We note that the Senate Bill also includes a provision that would amend the provision of the National Housing Act governing Ginnie Mae's issuance of securities to prevent Ginnie Mae from guaranteeing a security that is backed by a VA-guaranteed mortgage that did not adhere to the seasoning requirements set forth above. While the loan seasoning timing requirements are consistent with both the Senate Bill's amendments to the VA statutory provision and the recent pooling restrictions announced by Ginnie Mae, we question whether this additional provision is necessary. As a threshold matter, Ginnie Mae is only authorized to include loans in its pools that are eligible for insurance or guaranty by the VA and certain other enumerated federal agencies. If the Senate Bill language becomes law, non-cash-out refinance loans will not be eligible for VA guaranty and, therefore, will not be eligible for pooling into Ginnie Mae securities. Thus, at least as it relates to non-cash-out VA refinance loans, this additional provision would be a "belt and suspenders" protection against early refinancing of such loans.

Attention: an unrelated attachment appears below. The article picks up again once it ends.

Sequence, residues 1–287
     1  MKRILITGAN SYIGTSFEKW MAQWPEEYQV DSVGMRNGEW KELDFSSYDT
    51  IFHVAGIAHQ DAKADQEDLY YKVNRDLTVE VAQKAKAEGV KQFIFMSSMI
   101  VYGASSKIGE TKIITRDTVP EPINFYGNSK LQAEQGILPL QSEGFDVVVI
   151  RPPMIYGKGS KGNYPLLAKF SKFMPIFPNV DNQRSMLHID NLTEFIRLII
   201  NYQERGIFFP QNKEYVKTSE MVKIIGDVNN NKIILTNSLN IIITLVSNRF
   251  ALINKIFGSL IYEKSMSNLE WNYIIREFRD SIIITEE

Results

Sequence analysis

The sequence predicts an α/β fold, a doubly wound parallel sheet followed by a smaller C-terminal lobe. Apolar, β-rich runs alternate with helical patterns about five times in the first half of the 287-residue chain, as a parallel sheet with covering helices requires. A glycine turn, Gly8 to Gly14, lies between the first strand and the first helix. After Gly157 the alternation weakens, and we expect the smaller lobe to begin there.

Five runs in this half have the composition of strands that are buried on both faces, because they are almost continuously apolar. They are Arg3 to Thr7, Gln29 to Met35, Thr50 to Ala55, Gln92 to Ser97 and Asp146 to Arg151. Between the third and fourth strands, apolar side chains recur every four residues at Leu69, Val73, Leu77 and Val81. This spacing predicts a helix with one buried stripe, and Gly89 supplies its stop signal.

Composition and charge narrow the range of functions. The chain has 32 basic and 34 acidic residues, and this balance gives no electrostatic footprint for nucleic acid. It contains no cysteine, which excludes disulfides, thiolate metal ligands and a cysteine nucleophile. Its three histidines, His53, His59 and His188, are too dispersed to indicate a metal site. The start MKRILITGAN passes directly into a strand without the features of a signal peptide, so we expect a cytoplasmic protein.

As noted above, the Senate Bill is an important step, but it is the first step in codifying its provisions into federal law. The Senate Bill is now in the House of Representatives, and it has already become the subject of some debate as to whether members of the House will attempt to amend or add to the Senate Bill before voting on whether to pass the legislation. The Senate Bill's language regarding VA-guaranteed refinances could change as a result of the remaining legislative process or could fail to pass if Congress ultimately does not vote to pass the legislation, which includes many provisions unrelated to VA loans. In any event, it will be important for participants in the VA loan program to watch closely the progress of S.2155 as it moves through the legislative process, as any amendments to the VA refinance provisions could have lasting impacts on the VA loan program.


1 While the Senate Bill's provisions do not apply to cash-out refinance loans guaranteed by the VA, the Senate Bill obligates the VA to promulgate regulations no later than 180 days after enactment of the Senate Bill to ensure VA cash-out refinance loans are in the "financial interest" of the borrowers, including regulations related to recoupment of fees and costs, seasoning and net tangible benefits.